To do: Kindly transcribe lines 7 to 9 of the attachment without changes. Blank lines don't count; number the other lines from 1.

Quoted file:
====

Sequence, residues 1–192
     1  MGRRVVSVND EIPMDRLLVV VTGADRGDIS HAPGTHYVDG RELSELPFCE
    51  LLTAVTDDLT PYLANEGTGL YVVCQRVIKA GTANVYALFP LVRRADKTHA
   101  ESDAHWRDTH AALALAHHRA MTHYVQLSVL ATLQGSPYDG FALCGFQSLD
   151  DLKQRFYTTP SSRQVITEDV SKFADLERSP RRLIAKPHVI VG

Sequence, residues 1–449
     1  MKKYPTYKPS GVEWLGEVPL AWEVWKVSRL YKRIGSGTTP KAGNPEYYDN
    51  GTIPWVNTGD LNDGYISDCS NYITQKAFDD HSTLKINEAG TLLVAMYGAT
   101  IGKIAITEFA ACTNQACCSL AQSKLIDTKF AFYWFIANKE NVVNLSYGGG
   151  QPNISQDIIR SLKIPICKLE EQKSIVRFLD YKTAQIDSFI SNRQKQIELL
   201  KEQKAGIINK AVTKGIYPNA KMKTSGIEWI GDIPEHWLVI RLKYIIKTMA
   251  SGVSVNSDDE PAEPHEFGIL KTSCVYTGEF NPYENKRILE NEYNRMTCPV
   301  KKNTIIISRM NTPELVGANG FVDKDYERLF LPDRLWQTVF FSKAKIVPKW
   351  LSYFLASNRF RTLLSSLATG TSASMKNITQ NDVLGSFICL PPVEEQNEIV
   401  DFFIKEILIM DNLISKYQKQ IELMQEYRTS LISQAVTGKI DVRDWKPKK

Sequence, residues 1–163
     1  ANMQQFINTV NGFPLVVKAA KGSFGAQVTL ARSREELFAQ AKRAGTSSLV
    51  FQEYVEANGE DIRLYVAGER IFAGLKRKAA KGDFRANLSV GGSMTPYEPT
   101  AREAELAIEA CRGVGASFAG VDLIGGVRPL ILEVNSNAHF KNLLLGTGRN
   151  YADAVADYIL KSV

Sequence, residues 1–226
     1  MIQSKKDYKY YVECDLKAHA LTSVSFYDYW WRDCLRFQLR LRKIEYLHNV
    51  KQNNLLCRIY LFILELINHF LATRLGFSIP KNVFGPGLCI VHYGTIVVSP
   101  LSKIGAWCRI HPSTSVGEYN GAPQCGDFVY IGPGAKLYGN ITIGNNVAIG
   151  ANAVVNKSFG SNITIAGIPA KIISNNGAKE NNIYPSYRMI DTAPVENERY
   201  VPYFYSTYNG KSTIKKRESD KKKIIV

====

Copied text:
     1  MKKYPTYKPS GVEWLGEVPL AWEVWKVSRL YKRIGSGTTP KAGNPEYYDN
    51  GTIPWVNTGD LNDGYISDCS NYITQKAFDD HSTLKINEAG TLLVAMYGAT
   101  IGKIAITEFA ACTNQACCSL AQSKLIDTKF AFYWFIANKE NVVNLSYGGG